Last edited Tue Jan 15, 2013, 10:19 AM USA/ET - Edit history (1)
The White House is set to release a series of recommendations from Vice President Biden's task force on gun violence, which will no doubt face intense criticism from groups like the NRA and their allies. But two new polls suggest that a month after the massacre at Sandy Hook Elementary, there's a growing public appetite for meaningful gun reform.
A Pew Research Center report released late yesterday found a majority of Americans support a wide variety of new measures, some by enormous margins. For example, 85% of Americans favor making private gun sales and sales at gun shows subject to background checks, while 80% support laws to prevent mentally ill people from purchasing guns.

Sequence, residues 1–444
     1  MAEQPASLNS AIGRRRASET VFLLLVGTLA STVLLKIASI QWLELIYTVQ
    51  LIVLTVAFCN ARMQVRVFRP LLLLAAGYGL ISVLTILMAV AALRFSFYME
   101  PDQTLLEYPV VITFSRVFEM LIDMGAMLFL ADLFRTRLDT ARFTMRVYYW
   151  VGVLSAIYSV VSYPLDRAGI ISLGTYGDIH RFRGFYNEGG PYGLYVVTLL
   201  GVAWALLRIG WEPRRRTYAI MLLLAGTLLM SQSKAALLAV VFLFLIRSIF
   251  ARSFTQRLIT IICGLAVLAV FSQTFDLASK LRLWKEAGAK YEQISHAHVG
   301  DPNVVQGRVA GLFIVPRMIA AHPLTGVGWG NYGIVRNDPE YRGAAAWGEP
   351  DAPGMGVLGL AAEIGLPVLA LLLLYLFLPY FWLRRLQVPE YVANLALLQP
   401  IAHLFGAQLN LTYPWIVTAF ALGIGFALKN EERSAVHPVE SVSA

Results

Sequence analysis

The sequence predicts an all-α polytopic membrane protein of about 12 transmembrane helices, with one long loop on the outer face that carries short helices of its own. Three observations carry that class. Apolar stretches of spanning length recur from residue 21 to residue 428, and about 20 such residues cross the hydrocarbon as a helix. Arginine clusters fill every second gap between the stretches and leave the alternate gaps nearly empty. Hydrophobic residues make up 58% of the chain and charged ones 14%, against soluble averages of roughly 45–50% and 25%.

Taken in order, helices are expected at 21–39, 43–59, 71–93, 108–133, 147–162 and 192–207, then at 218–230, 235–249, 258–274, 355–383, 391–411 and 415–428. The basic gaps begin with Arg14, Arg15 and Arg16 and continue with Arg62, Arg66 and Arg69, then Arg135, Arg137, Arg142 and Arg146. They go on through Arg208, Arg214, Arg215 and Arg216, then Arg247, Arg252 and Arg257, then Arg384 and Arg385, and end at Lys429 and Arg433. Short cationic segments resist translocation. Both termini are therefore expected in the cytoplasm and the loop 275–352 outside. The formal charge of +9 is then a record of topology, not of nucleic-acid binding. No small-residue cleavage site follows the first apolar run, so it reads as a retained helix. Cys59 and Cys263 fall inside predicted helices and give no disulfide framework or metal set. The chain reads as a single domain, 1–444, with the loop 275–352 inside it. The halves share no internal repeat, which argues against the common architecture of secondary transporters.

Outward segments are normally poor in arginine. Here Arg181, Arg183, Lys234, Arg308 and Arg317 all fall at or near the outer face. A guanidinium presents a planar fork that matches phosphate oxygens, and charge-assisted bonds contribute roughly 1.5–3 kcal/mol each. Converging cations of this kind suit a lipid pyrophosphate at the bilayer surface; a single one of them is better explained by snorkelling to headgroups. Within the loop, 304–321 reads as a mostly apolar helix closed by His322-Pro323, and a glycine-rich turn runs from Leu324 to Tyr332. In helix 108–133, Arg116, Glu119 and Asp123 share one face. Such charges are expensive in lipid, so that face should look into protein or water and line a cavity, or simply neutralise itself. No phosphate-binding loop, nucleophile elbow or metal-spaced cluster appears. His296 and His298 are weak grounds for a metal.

It's worth emphasizing that in our current political climate, 80% of Americans don't agree on much, but they at least agree on measures like these.
What's more, two-thirds of Americans (67%) favor creating a federal database to track gun sales. In a bit of a surprise, nearly as many people (64%) support having more armed security in schools, boosted by large numbers of self-identified Republicans backing the idea.
Indeed, there are, not surprisingly, significant partisan divides on most of the proposals, with Democrats and Republicans more likely to back new measures than Republicans. That said, looking through the results, it's hard not to notice that GOP voters are not reflexively opposed to new gun laws -- among Republicans, 49% support a federal database, 49% support a ban on semi-automatic weapons, and 46% support a ban on high-capacity ammunition clips.